Every person, who is responsible for paying to a resident any sum by way of –
However, in case of a payee, engaged only in the business of operation of call centre, the tax shall be deducted at source @2%
The deduction is to be made at the time of credit of such sum to the account of the payee or at the time of payment thereof in cash or by issue of a cheque or draft or by any other mode, whichever is earlier.
Where any sum referred to in (1) is credited to any account, whether called suspense account or by any other name, in the books of accounts of the person liable to pay such sum, such crediting shall be deemed to be credit of such sum to the account of the payee and tax has to be deducted accordingly.
No tax deduction is required if the amount of fees or the aggregate of the amounts of fees credited or paid or likely to be credited or paid during a financial year does not exceed Rs 30,000 in the case of fees for professional services, Rs 30,000 in the case of fees for technical services, Rs 30,000 in the case of royalty and Rs 30,000 in the case of non-compete fees.
The limit of Rs 30,000 under section 194J is applicable separately for fees for professional services, fees for technical services, royalty and non-compete fees referred to in section 28(va). It implies that if the payment to a person towards each of the above is less than Rs 30,000, no tax is required to be deducted at source, even though the aggregate payment or credit exceeds Rs 30,000. However, there is no such exemption limit for deduction of tax on any remuneration or fees or commission payable to director of a company.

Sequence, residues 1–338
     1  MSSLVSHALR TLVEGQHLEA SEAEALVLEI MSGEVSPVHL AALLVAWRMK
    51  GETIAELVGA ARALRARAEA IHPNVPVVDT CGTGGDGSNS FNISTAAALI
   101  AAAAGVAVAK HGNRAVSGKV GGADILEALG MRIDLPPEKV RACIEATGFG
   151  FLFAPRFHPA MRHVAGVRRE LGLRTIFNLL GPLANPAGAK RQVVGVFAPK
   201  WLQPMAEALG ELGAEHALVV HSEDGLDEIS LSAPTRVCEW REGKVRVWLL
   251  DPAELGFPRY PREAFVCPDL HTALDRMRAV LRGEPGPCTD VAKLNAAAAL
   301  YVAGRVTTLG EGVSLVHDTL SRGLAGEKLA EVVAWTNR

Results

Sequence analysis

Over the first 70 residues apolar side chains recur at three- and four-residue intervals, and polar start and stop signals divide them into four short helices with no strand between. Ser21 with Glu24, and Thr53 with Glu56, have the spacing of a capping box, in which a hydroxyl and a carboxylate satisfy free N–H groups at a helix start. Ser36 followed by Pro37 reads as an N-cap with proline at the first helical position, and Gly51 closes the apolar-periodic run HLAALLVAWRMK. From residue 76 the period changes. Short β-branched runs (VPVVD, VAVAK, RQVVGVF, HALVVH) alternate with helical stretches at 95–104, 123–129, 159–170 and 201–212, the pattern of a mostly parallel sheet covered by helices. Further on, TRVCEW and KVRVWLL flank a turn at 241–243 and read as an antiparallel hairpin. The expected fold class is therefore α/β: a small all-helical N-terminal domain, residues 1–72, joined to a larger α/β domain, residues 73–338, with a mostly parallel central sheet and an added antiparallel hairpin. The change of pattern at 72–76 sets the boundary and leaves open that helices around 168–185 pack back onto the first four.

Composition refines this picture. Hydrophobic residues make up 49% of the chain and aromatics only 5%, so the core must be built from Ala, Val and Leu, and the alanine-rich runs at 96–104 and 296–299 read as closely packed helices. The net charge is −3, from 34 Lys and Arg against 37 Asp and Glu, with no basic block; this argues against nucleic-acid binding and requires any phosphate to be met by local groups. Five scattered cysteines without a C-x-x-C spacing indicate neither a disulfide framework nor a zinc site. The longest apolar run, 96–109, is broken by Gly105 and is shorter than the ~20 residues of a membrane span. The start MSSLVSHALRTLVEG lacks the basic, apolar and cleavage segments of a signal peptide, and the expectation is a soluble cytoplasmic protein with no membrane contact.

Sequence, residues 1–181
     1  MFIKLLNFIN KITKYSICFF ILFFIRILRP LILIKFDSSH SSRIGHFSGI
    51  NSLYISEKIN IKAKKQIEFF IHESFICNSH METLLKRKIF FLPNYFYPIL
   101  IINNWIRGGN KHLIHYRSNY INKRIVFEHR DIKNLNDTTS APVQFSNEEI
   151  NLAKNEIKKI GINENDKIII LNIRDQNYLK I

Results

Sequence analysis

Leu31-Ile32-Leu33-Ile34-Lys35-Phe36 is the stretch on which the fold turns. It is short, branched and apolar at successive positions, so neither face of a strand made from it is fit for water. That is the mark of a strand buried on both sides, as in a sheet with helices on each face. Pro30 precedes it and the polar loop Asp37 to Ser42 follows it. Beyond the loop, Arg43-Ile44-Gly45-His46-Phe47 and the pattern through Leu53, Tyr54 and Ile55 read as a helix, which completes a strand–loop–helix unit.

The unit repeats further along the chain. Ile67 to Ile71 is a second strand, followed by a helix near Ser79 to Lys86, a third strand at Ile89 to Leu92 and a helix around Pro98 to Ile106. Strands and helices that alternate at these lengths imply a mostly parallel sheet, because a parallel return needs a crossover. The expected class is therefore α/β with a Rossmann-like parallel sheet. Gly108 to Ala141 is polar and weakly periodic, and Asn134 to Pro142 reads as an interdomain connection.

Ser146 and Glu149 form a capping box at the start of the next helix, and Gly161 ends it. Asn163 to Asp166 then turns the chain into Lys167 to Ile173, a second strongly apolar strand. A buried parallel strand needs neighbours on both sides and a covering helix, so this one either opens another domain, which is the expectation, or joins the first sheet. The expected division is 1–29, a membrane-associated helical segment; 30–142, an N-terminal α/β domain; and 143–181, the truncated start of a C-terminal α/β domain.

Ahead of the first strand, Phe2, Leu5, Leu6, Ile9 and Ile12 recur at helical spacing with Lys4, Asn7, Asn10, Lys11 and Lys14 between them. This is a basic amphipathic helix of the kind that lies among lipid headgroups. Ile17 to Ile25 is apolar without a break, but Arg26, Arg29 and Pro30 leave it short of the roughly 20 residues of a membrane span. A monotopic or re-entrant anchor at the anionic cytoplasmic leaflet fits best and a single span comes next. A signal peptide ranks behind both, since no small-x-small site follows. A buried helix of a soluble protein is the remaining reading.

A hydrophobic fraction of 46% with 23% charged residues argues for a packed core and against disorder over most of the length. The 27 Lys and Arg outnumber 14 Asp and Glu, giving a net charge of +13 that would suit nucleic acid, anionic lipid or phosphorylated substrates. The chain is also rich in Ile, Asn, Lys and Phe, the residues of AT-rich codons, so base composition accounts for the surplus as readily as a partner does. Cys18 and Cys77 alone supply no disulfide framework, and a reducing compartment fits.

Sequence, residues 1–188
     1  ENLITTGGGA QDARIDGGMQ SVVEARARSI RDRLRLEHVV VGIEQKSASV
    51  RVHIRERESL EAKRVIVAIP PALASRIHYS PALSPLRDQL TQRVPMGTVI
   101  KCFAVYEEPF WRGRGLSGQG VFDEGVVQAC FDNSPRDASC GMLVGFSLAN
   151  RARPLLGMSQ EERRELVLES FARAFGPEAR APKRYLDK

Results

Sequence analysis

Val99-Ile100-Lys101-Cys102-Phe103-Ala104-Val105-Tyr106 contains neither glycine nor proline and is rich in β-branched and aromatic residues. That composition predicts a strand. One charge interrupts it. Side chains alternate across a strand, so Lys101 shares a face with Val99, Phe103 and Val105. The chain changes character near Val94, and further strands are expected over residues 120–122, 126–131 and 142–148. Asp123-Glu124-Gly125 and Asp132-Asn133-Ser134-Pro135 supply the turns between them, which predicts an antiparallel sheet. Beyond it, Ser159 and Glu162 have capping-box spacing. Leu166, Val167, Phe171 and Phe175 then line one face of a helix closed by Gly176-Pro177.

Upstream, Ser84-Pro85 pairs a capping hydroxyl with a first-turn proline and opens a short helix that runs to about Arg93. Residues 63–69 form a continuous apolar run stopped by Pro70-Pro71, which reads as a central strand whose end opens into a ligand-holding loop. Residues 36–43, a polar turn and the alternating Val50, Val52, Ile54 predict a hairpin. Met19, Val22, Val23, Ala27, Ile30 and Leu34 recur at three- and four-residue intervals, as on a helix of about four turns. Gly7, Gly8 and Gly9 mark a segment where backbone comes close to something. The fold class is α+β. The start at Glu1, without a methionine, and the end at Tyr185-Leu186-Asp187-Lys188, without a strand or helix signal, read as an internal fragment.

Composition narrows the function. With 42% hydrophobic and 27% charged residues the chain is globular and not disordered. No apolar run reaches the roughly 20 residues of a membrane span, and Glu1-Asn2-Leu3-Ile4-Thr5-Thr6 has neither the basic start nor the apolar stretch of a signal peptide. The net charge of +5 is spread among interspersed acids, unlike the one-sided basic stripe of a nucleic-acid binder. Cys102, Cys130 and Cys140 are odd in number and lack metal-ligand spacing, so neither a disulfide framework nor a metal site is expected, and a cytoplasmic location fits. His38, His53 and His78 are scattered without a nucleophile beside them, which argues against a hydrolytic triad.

An individual or a Hindu undivided family, whose total sales, gross receipts or turnover from the business or profession carried on by him do not exceed the monetary limit of Rs 1 crore and Rs 50 lakhs, respectively, specified under section 44AB during the immediately preceding the financial year is not liable to deduct tax at source.
However, an individual or HUF, whose total sales, gross receipts or turnover from business or profession carried by him exceeds the above monetary limits under section 44AB in the immediately preceding financial year is required to deduct tax on fees for professional services or fees for technical services credited or paid.